This isn’t to say that I don’t gamble, I do… more about that some other day!

Deal or No Deal?





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Comments to Deal or No Deal: Gambling With Math!

  1. Nice blog. I share your anguish. My sister was consistently amazed when I would pretty accurately guess the bank’s offer using the methods you described. It’s pretty simple math.

    I bet if you asked that first contestant to write the show a check for $200k he would laugh in your face, even though that’s essentially what he did. It’s funny how people consider found money less valuable than that which is earned.

    Steve

  2. I think you’re making the unreasonable assumption that most of the contestants know enough about math or probability or game theory (you only need a basic knowledge of any one of those three subjects to “solve” the game) to apply it to the game.

    I don’t even watch this show, because I know I’d be frustrated. When the show first started airing, my friends and I discussed the expected value calculation briefly and pretty much agreed that no contestant was going to do that and none of us were going to waste time watching the contestants not do that.

    Lily

  3. Making the right choice in this game is a little more complicated than just calculating the average of the remaining values (the mathematical expectation). If the offer exceeds the expectation, then it is right to take it, but it is sometimes right to take a slightly low offer. If the two remaining amounts are a million and a penny, a poor person should probably take a $450,000 offer, but a rich person should probably take a chance on getting the million. For more on why this is the case, check out this essay.

    Michael James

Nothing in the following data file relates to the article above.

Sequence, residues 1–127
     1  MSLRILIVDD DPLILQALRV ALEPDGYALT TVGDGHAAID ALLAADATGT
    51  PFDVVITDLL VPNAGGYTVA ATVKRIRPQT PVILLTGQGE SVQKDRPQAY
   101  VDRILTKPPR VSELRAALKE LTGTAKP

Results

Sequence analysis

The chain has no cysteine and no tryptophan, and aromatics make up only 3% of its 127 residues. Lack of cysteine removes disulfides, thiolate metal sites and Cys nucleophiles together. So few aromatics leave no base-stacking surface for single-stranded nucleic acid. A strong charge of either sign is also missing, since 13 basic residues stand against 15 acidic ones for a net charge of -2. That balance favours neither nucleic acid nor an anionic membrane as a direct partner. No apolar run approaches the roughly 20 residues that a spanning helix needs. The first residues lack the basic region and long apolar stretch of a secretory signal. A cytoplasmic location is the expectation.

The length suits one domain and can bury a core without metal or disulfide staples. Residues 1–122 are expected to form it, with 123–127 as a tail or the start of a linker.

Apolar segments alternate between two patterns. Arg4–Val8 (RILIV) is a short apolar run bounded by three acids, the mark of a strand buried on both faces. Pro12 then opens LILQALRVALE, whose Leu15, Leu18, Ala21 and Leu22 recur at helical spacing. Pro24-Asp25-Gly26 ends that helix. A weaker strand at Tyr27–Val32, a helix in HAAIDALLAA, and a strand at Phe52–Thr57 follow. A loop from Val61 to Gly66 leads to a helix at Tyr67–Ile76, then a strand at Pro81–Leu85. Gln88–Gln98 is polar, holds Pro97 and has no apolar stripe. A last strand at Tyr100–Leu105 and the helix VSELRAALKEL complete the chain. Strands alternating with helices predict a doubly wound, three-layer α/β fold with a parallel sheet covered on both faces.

4. I am surprised that you gamble. Texas Hold’em?

    I would be a terrible Deal or No Deal contestant. I always assume that things are going to turn out well for me. I like to risk it all.

    Back to Texas Hold’em – I am terrible at that too because I bluff every hand or assume that I am going to hit “runner, runner”.

    i don’t gamble

    rocketc

  5. This show is huge in the UK. I quite like predicting what the offers will be throughout the show, and also trying to guess whether they’re going to take it or not.

    I think the behind the scenes set up where they are in a hotel together for days at a time, each hoping to get picked to go on by the producers contributes to the irrationality displayed. Which is fine, cos it’s great tv.

    plonkee

  6. I’m a very conservative sort of person with money…I definitely would go for the bank offer.

    Mrs. Micah

  7. I bet one of the initial screening questions for wannabe contestants is: Do you play the lottery?

    BTW you’d have to fold in a utility function in the expectation integral as well.

    Early Retirement Extreme

  8. I love to play poker and other card games, but those rely on skill as much as luck. With something like this, I am of the opinion that a bird in hand is better than two in the bush.

    Patrick

  9. I gotta say that I would probably take any decent offer as soon as I could, as even just a few grand would make a difference in my life. At least more than winning nothing would! Great post, love the analysis.

    David

  10. @ Rocket: Nope, not poker. Just blackjack at the tables (card counting of course)!

    Madison

  11. I’ve always wanted to write down all the cases remaining as well as the banks offers to determine the formula – I’m such a nerd.

    What I think is most ridiculous is that people are like “I had a dream that the $1M is in case 6, so I know it is in here” rather than realizing that it is all about probability.

    LC

  12. Except Oprah would probably want to give away the money to someone, so her threshold would be lowered.

    MK